Health Implications Unknown for Rescued Chilean Miners

Allison Gandey

October 13, 2010

October 13, 2010 — The rescue operation is under way in Chile, and paramedics and physicians are busy monitoring the miners who one by one are being pulled from the ground. Nothing like this has ever been done before, and the health implications are unknown for the 33 men trapped in the mine since August.

The miners were about 2300 feet or 700 meters under ground at the San José copper-gold mine, near Copiapó, Chile. Largely in the dark, their bodies have been exposed to harsh, humid conditions. Healthcare workers predict the heat and humidity altered breathing patterns, prompting shallow breaths. Some of the miners may now have slightly collapsed lungs and could be at increased risk for infection.

Jorge Galleguillos, the eleventh miner rescued from the San Jose mine, is carried away on a stretcher. Hugo Infante/Chilean government, via AP

According to media reports, the men have already received a series of vaccinations, including a tetanus booster and flu shot. Some physicians are predicting more immunizations are likely to help the miners' immune systems.

The humid conditions may also lead to higher rates of skin infections. While still under ground, healthcare workers issued the miners special shirts and shorts to pull sweat away from their bodies to minimize the risk of skin problems. Workers also distributed absorbent socks to help prevent athlete's foot and other fungal infections.

Physicians and paramedics have been working to ensure the miners are stable for the rescue mission. The men have been taking blood tests, doing daily urine analyses, and weighing themselves in the mine. According to healthcare workers, the miners have also been exercising an hour a day.

The rescue capsule is said to be no bigger than a basketball hoop. Miners are confined to the small space for at least 15 minutes as the capsule rides to the surface. It spins as it rises, possibly causing dizziness and even panic. Healthcare workers report the miners switched to a liquid diet before the rescue mission in case of vomiting.

The barometric pressure as the miners are brought to the surface is likely triggering muscle pain. Some miners are expected to experience edema, and most will be vitamin D deficient after all that time without sunlight.

The miners have been fitted with special sunglasses to protect their pupils and oxygen masks for the ride up. The men are expected to be hospitalized for at least 2 days after rescue. Physicians will also be monitoring for the psychological impact of the ordeal and for evidence of anxiety, posttraumatic stress disorder, and depression.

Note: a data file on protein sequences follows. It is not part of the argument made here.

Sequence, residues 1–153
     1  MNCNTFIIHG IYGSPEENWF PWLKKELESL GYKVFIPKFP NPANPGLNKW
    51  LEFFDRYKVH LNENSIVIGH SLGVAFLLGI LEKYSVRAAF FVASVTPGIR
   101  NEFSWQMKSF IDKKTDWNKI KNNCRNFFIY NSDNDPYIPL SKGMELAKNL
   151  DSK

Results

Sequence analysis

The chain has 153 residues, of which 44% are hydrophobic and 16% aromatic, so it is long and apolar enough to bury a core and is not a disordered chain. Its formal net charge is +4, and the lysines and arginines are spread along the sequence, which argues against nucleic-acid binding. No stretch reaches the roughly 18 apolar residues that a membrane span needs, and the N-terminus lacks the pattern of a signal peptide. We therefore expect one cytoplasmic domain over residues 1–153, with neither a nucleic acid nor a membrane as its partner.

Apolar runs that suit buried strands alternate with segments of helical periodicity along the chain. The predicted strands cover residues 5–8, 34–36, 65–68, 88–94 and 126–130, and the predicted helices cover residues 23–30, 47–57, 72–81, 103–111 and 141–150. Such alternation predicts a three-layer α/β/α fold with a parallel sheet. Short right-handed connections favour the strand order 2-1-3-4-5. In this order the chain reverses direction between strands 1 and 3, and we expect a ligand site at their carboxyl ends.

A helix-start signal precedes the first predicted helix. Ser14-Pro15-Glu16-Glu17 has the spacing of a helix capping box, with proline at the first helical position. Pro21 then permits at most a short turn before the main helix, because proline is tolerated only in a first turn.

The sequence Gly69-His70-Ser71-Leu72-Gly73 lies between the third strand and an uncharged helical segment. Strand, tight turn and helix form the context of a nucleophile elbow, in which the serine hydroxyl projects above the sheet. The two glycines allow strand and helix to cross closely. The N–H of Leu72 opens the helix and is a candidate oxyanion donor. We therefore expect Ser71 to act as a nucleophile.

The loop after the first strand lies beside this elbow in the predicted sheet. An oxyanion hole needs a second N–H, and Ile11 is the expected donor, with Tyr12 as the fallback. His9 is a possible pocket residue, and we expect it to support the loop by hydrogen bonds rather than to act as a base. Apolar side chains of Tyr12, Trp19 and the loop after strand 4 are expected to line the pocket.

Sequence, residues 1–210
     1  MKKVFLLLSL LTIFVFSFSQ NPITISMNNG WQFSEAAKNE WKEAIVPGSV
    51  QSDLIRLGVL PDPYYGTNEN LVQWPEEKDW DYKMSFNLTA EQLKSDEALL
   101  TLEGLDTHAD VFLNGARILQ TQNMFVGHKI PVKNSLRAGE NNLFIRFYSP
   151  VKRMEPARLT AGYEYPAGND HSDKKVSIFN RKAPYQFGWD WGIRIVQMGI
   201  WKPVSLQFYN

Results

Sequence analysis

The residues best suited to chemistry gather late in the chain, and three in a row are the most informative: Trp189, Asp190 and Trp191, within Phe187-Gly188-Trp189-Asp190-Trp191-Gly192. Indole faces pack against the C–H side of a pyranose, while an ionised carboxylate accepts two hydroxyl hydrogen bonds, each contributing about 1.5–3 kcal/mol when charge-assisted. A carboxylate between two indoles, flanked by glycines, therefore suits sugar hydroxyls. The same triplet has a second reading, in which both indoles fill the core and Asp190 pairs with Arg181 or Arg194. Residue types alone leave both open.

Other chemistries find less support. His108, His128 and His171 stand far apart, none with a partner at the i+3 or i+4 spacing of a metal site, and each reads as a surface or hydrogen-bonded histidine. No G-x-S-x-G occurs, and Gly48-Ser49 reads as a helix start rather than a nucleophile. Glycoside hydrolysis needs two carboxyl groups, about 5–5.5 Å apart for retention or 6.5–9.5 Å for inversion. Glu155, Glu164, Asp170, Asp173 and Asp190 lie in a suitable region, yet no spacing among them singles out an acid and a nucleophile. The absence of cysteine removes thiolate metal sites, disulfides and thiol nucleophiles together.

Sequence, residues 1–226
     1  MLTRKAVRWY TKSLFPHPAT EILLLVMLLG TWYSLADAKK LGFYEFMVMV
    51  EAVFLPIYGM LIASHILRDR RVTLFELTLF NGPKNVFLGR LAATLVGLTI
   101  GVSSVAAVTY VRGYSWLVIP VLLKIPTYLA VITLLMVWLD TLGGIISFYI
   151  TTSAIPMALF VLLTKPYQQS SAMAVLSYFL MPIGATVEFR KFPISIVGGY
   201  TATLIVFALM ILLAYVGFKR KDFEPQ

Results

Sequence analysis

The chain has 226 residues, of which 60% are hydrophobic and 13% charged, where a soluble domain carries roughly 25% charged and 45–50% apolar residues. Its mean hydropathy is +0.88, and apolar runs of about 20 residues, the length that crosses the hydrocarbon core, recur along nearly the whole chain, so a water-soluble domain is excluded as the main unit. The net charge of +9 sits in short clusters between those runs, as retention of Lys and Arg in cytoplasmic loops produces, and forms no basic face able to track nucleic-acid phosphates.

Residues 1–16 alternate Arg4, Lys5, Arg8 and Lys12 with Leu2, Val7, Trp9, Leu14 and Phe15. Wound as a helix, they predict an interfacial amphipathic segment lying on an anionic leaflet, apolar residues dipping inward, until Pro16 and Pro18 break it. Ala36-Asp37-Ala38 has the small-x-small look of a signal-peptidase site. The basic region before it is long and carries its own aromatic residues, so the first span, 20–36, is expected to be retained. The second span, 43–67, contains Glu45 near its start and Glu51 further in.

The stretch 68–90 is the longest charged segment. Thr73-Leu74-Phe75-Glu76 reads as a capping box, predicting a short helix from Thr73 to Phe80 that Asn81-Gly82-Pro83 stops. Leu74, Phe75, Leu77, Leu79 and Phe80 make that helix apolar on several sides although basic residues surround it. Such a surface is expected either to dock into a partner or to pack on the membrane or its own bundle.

The men spent the first 17 days totally cutoff in the dark in a life and death situation after the mine collapsed until the first bore hole was made. Nightmares, panic attacks, and claustrophobia could develop in some.

Presidential Statements

President Obama issued a statement Tuesday to the miners. "Our thoughts and prayers are with the brave miners, their families, and the men and women who have been working so hard to rescue them," he said. "While that rescue is far from over and difficult work remains, we pray that by God’s grace, the miners will be able to emerge safely and return to their families soon."

Bolivian President Evo Morales attended the rescue mission and met with the only non-Chilean among the miners. "This is a historic event," President Morales said. "We Bolivian authorities are grateful for the effort that Chileans made."

President of Chile, Sebastian Pinera said, "We can all feel proud to be Chilean."

An estimated 1500 journalists are also attending the rescue mission. Many people are glued to television sets and online news feeds watching events unfold. Here at the 26th Congress of the European Committee for Treatment and Research in Multiple Sclerosis, many delegates were talking about the mining accident.

Specialists Respond

Speaking to Medscape Medical News after a news conference, Michel Clanet, MD, from the Hôpital Purpan in Toulouse, France, said he anticipates long-term follow-up and study of the accident and health consequences for the miners.

Dr. Clanet said he is especially concerned about the psychological effects. "These miners would have been incredibly stressed, and they will need psychological support to recover."

Zvonko Mir, MD, from Reha Klinik Walenstadtberg in Germany, said he is also more concerned about the mental than physical health consequences of the accident. "Psychiatric support will be the number 1 concern, in my opinion," he noted during an interview.

Also attending the meeting is health economist Murray Brown, PhD, from Dalhousie University in Halifax, Nova Scotia. Dr. Brown says he's amazed by the record-setting survival of the miners trapped since August 5. "They're being resurrected from their tomb."

The men have survived under ground 69 days — the longest in history. The mine owned by Empresa Minera San Esteban had a record of instability that led to previous accidents, including 1 death.

The miners and their families are reportedly making plans to sue. Some men say they plan to return to work after their recovery, and others say they will never set foot in a mine again.

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